Gut microbiome altered in Parkinson’s disease

Constipation and Parkinson's disease

Gastrointestinal dysfunction, in particular constipation, affects up to 80% of Parkinson’s disease (PD) patients and may precede the onset of motor symptoms by many years. Now, researchers have found that the gut microbiome in PD patients differs from that in healthy individuals.

By analysing stool samples, Filip Scheperjans, from the University of Helsinki, and colleagues found that the quantity of bacteria from the Prevotellaceae family was 77.6% lower in PD patients compared with controls. Meanwhile, the amount of Enterobacteriaceae was positively correlated with the severity of postural instability and gait difficulty in PD patients.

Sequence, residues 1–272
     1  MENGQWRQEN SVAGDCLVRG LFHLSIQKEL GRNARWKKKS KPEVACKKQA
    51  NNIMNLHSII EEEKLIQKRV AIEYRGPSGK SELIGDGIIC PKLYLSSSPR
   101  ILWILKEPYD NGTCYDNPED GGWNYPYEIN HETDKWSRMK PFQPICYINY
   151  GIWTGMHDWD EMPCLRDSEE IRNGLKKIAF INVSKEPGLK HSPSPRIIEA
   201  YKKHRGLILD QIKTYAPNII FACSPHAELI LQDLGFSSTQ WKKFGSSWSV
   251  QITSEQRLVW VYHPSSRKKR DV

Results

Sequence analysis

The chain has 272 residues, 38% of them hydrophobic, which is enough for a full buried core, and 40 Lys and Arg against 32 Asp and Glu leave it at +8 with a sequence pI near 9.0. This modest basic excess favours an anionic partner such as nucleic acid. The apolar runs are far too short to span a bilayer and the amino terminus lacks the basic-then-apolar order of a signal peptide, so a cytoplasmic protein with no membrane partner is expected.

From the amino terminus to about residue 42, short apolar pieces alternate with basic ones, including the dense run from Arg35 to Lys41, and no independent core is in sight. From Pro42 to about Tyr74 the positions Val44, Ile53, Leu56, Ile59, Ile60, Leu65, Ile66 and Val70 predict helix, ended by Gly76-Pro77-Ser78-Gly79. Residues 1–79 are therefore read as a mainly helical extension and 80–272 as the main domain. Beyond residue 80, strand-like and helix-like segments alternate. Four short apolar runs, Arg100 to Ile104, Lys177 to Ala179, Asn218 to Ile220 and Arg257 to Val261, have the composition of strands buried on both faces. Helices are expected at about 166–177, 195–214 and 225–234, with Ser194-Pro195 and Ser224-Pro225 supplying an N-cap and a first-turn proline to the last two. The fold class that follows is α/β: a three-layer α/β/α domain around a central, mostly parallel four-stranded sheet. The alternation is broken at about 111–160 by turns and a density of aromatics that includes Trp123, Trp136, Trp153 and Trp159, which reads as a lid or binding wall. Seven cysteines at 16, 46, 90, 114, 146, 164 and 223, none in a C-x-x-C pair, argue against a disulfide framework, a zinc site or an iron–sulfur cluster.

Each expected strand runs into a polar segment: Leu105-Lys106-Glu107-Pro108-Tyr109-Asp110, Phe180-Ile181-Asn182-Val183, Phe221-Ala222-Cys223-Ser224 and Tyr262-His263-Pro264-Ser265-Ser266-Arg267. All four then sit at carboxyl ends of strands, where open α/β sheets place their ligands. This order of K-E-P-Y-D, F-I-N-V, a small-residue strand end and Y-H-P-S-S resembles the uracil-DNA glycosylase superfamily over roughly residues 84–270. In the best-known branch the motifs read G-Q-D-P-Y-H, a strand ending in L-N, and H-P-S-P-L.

“These findings suggest that the intestinal microbiome is altered in PD and is related to motor phenotype,” write the authors in Movement Disorders
(online, 5 December 2014).



[1] Scheperjans F, Aho V, Pereira PA et al. Gut microbiota are related to Parkinson’s disease and clinical phenotype. Movement Disorders 2014. doi: 10.1002/mds.26069.

Last updated
The Pharmaceutical Journal, PJ, 3/10 January 2015, Vol 294, No 7843/4;294(7843/4):DOI:10.1211/PJ.2014.20067471

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